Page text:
• More reliable systems
• Happier and more efficient users and customers
• Strengthened competitive advantage in the marketplace
• Enhanced facilitation of long-term organizational growth
It is important to note that IT Mod projects can be risky if poorly managed. According to a McKinsey & Company survey, 17% of IT Mod efforts can turn into a “black swan” for a company, meaning they become so costly that it threatens the company’s existence. And in general, large IT Mod projects with a budget of $15 million or more run 45% over budget, 7% over time, and cost billions of dollars in various overrun costs. The longer a project is scheduled to last, the more likely it will run over budget and time, which is why many organizations now deploy an Agile approach to software development. We’ll discuss this methodology in more detail later in the series.
Current IT Modernization Efforts
Clearly, IT Mod is a high-risk, high-reward undertaking. However, there has been an outstanding need for organizations to modernize their tech which can no longer be ignored. IT Mod has been a focus of the executive branch since the era of the Clinton administration. And with the Trump administration’s Modernizing Government Technology (MGT) Act in December 2017, the energy and support surrounding IT Mod has increased even more. The MGT Act sets up Centers of Excellence which help federal agencies through modernization and allow these agencies to repurpose unused IT budgets to fund projects. Agencies can also apply for funds from the Technology Modernization Fund. Chief Information Officers (CIOs) are directed to focus on high priority efforts, which are outlined in this White House Report and include transitioning to the cloud, implementing shared services, and improving cyber defense.
Still, some federal employees think these priorities don’t go far enough. In a recent interview, David Powner, Director of IT Management Issues at the U.S. Government Accountability Office, stated that,
“The nation’s most mission critical legacy systems that are costly to maintain and post significant cyber risks due to unsupported software need to be replaced with modern, secure technologies and ultimately decommissioned… The administration’s recent modernization strategy was solid on network modernization, shared services and cyber, but light on tackling these most challenging modernization efforts.”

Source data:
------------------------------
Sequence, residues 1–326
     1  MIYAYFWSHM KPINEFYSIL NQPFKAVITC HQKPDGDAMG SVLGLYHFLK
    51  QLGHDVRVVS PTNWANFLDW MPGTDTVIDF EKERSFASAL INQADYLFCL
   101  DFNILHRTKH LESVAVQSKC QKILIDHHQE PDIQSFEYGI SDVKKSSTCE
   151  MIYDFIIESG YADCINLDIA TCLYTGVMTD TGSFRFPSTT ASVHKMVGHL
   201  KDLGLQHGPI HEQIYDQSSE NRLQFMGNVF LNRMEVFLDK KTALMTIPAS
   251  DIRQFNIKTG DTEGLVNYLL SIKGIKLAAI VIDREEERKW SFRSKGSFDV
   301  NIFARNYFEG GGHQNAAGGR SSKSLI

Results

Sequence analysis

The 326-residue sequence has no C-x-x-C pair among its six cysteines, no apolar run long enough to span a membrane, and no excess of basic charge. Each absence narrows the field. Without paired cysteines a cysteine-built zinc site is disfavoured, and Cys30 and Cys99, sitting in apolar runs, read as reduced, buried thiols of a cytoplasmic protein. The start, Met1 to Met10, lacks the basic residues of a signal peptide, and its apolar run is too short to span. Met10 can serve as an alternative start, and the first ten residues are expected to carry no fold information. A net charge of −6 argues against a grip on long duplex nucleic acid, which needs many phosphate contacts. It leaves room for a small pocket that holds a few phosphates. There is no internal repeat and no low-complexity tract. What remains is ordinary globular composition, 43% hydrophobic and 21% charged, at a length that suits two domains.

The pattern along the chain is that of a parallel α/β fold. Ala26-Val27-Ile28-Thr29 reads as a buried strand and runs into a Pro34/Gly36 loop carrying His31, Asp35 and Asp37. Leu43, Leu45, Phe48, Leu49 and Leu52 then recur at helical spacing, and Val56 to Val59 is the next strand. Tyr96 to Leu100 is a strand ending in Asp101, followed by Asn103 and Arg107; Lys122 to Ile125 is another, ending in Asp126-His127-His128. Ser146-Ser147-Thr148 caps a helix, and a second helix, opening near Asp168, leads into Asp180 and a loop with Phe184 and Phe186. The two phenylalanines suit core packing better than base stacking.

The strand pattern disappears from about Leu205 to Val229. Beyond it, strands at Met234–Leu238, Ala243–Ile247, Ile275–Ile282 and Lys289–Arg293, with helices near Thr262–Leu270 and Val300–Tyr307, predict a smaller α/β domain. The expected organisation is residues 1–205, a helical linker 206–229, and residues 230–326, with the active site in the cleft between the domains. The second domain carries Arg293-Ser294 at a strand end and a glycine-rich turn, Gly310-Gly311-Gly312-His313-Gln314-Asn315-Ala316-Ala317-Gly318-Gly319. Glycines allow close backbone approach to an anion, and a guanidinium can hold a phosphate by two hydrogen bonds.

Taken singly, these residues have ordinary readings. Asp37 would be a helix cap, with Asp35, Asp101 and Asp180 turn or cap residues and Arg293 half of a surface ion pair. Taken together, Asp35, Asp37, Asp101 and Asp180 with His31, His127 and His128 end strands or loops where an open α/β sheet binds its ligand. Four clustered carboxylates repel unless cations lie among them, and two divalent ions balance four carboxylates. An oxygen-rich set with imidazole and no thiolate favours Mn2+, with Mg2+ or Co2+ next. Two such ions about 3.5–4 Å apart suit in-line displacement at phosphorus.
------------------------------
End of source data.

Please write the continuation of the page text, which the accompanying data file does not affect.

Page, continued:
IT Mod is also front and center in the annual President’s Management Agenda. With this development, and funding finally appropriated for the Technology Modernization Fund, it’s clear this administration sees this as something that must be addressed here and now.
First up on the docket is the modernization of the U.S. Department of Agriculture’s systems. This effort just kicked off Phase 1 of its transformation on April 2 and will serve as a “sink or swim” example of whether large-scale IT Mod is feasible for the government.
Stay tuned for our first interview in this blog series, which will feature Rob Klopp, the former CIO of the Social Security Administration, who ignited their IT Modernization process and got the ball rolling for other government agencies to follow suit. Rob will provide insights on the Agile approach and what it means for IT Mod. He will also discuss the challenges with moving beyond legacy systems and leading by consensus in change-averse environments. To learn more about successfully managing IT Mod efforts in the meantime, please reach out to firstname.lastname@example.org.